Written by Guest Blogger: Brittney Dubose
At a time when many were trying to desperately hold-on to what they had, Michael Bobbitt took a huge leap of faith and accepted the role of Executive Director of Mass Cultural Council. This decision during such tumultuous times takes guts. As an early-career arts administrator, I admire leaders who take risks. It is inspiring to see someone willing to go the full gamut for what they believe in. Michael took on the challenge of navigating Massachusetts’ creative sector through the disruption of the status quo, instead of shying away from the responsibility of successfully leading through COVID-19 and systemic racism. I was excited to catch up with Michael to talk about his new role, what inspired him to take on this opportunity, and his ideas for rebuilding with a focus on diversity, equity, and inclusion.
Brittney: You are almost at the two-year mark since leaving the Montgomery County area and moving to Watertown, MA, how are you feeling?
Michael: It’s a funky question to answer. If I say, I love it, will my DC and Montgomery County friends get upset? If I say, “I miss Montgomery County so much”, will my Massachusetts friends get upset? The truth is, I love it here and I miss Montgomery County and DC soooo much. It’s a bit colder for longer and there are wild turkeys on the streets of Cambridge, where I live, but it reminds me a lot of Montgomery County and parts of DC. Steep in history, a little provincial, and very rich culturally. I love being able to get to so many gorgeous parts of New England in a matter of hours. The strangest part is, most of my time here was stuck in my apartment. So….
Brittney: In the middle of two pandemics, a time when organizations are struggling to financially survive the coronavirus and trying to tackle the issue of institutional and systemic racism, you decided to apply for the position of Executive Director for Mass Cultural Council. It seems like a very daunting task to take on, why did you decide to go for it?
Michael: Initially, either from my own insecurities or my loyalty to New Repertory Theatre, I was not interested in applying. The Executive Search Firm that reached out mentioned numerous people suggested my name. While the work I’ve done as a theatre leader was adjacent to the work of a state arts agency, I couldn’t see a fit. And, I wasn’t sure I wanted to give up being an artist and running a theatre. I had just re-immersed myself into work that wasn’t for children and wanted to relish that for a moment. But after speaking with the search firm, we talked more about the growth and diversification that we had at Adventure Theatre during my tenure AND a similar turnaround that I had at New Rep in a very short time. At Adventure, we dealt with several major organizational struggles – a merger, the government shutdown, a fire – and at New Rep, transitioning the company from a predominantly white business model to predominantly multi-cultural, significant debt, and a 50% drop in patronage prior to my short time there. With each of these difficulties, we emerged stronger, better, and ahead. They pointed out, that perhaps I have an ability to see a crisis as an opportunity. And while dual pandemics seem like a crazy challenge, I feel strongly that I can help a whole sector in a whole state emerge from these stronger and better…with a lot of help from a lot of people.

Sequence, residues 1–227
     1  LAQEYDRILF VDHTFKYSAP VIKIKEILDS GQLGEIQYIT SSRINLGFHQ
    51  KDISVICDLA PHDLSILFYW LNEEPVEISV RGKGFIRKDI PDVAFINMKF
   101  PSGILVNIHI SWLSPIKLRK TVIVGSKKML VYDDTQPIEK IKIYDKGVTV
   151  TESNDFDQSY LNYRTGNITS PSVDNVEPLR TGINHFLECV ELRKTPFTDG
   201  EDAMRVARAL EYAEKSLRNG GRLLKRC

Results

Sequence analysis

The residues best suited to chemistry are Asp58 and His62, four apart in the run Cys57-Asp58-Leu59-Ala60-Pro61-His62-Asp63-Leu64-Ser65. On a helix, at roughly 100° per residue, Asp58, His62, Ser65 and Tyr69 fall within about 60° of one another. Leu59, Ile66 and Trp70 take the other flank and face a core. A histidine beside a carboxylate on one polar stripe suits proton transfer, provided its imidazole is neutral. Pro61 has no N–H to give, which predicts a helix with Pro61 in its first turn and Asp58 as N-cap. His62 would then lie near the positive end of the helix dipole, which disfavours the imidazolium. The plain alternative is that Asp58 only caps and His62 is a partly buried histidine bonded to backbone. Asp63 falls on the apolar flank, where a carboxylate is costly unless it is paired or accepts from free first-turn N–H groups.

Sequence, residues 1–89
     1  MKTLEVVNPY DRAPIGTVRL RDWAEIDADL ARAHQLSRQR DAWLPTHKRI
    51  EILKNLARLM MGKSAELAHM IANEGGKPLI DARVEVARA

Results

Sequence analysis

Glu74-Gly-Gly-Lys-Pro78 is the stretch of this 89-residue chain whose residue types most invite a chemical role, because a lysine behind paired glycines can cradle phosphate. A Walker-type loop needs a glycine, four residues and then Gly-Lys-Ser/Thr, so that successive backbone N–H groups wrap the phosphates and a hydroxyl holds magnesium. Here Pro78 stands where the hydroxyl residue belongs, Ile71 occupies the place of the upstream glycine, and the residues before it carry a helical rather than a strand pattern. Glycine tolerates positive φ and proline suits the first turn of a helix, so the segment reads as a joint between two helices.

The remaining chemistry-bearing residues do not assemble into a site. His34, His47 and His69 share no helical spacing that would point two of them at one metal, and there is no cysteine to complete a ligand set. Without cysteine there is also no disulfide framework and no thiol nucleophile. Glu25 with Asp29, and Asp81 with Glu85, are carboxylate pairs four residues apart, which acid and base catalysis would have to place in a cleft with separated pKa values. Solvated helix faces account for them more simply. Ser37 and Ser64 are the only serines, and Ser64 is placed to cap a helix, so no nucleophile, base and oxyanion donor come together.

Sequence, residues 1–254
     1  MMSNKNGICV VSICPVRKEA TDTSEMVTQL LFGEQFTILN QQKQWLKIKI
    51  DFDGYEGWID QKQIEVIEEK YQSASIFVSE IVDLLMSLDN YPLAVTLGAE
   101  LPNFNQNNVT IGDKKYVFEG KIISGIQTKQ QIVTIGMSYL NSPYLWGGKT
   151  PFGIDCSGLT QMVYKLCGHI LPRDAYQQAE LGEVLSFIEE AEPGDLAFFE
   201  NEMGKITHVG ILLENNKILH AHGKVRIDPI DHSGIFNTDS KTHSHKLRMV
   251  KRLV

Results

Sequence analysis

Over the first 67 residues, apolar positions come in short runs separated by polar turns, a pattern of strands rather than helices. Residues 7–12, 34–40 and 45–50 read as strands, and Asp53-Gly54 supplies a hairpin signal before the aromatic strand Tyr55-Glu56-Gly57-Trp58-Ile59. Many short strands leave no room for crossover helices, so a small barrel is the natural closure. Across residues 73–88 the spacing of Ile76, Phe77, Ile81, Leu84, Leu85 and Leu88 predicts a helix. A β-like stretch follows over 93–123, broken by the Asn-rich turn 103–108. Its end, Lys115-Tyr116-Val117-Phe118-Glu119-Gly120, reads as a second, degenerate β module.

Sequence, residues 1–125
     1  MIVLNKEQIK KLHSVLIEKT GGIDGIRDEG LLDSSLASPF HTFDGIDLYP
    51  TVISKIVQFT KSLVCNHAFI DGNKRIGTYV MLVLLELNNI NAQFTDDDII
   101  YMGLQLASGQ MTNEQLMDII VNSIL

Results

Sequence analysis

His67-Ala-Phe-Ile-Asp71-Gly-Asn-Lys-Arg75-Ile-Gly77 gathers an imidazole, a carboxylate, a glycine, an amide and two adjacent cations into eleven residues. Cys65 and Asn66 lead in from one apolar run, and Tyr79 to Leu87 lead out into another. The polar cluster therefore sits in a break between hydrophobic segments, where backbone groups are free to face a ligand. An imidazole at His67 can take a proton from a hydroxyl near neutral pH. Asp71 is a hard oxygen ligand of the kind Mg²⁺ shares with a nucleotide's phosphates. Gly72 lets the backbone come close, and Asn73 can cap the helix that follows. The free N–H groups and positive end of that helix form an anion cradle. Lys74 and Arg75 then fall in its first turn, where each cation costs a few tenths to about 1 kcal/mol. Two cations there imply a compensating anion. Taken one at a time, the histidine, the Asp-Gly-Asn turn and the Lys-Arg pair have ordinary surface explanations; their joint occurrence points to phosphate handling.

“Ideally, I’d like to come out of this with a creative boom, rather than just a recovery effort.”
Brittney: How has your previous work prepared you for this role? Both at New Repertory Theatre and Adventure Theatre?
Michael: Adventure was always a vehicle for learning. Partly because of the strained business model. Producing theatre for young people is HARD. It’s a sub-genre of theatre, which doesn’t command the respect it deserves. (How do you have big people artists and arts supporters, if you don’t invest in young people arts exposure.) Funders mostly gave us child-sized gifts. Secondly, you can’t build on your loyal patronage, because little kids age out, and third, the cost of producing is the same as theatre for adults, but the ticket price is $15. So, every day on that job, we had to think creatively about the mission and services. This thinking fine-tuned my skills in problem-solving. I had great mentors and colleagues, namely Leon Seemann who taught me tons about running the business and collaboration.
New Rep was unique. It was in financial and cultural crisis when I walked in, so I had to make big choices fast and navigate the fears, concerns, and pushback of many. And then, with George Floyd’s death, I had to still lead an organization through Covid – 19, while trying to deal with my own emotion as a black man and use the race equity skills I had amassed all while navigating the fragility of a well-intentioned, but under-informed almost all-white board. (Only 1 person of color.) All of this while living in a town where I was still new…where I didn’t have my safety net of friends. It was very hard. The emotional toll fueled a lot of action, which many people around the country noticed. And, it gave me the gumption to press on – which I had never experienced before. And ultimately, it propelled New Rep into a new phase of its existence, garnering new patrons, donors, grants, opportunities, board members (11 BIPOC, when I left), and respect.